Gilded Age(redirected from The Gilded Age)
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The period of American history from approximately the end of the Civil War to the early 20th century. The Gilded Age was marked by rapid industrialization, development of infrastructure (such as railroads), and virtually no government regulation of the economy. Important industrialists, such as Andrew Carnegie, John W. Rockefeller, Cornelius Vanderbilt, and others, led a period of development that created what became the modern American economy. This age saw the early development of organized labor, which the industrialists often violently opposed. Apologists for the Gilded Age point out that this era laid the foundations for American philanthropy and employed many people who might have gone without jobs otherwise. Critics denounce the era's alleged conspicuous consumption on the part of the wealthy and economic instability that they claim came from lack of regulation. See also: Panic of 1873, Panic of 1893, Panic of 1907, Cross of Gold, Robber baron.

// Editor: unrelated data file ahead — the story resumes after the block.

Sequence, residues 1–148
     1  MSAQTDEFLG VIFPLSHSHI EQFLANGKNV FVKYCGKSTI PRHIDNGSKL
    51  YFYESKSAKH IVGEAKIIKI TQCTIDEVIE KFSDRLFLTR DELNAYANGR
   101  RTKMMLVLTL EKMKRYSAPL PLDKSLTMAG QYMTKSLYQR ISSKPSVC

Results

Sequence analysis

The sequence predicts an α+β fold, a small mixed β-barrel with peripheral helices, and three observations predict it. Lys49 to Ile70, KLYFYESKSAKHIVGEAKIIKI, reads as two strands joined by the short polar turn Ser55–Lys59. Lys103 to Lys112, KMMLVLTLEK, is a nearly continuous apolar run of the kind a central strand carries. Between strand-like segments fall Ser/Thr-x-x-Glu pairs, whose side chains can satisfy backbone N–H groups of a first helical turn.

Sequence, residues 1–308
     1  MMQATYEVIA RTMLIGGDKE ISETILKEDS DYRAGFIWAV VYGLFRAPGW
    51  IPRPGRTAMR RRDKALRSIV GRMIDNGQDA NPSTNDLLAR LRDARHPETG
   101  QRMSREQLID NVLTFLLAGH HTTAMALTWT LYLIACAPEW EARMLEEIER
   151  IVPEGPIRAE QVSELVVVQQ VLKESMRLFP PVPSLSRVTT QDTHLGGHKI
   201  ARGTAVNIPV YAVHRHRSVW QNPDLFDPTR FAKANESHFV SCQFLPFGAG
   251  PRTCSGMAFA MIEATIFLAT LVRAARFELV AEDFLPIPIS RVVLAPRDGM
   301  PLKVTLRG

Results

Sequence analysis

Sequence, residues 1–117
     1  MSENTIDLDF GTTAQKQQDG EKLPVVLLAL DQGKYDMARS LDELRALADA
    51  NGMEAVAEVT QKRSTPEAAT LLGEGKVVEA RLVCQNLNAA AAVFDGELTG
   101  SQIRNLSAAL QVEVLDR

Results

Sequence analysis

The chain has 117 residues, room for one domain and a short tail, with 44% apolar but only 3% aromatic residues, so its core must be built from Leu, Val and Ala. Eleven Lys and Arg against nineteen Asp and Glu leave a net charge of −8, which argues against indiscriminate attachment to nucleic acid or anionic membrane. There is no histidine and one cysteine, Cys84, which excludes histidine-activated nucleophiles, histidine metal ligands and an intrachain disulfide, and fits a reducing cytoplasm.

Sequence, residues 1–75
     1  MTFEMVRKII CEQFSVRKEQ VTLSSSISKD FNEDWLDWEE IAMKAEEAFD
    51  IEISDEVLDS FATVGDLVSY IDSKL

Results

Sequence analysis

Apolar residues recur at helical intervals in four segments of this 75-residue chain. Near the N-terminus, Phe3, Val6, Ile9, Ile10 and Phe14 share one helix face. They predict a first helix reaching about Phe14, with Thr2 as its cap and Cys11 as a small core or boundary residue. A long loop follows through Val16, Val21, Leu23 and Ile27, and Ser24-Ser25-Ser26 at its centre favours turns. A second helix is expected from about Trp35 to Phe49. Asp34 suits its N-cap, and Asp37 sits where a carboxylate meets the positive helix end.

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The years between the Civil War and World War I when institutions undertook financial manipulations that went virtually unchecked by government. This era produced many infamous activities in the security markets.
Wall Street Words: An A to Z Guide to Investment Terms for Today's Investor by David L. Scott. Copyright © 2003 by Houghton Mifflin Company. Published by Houghton Mifflin Company. All rights reserved. All rights reserved.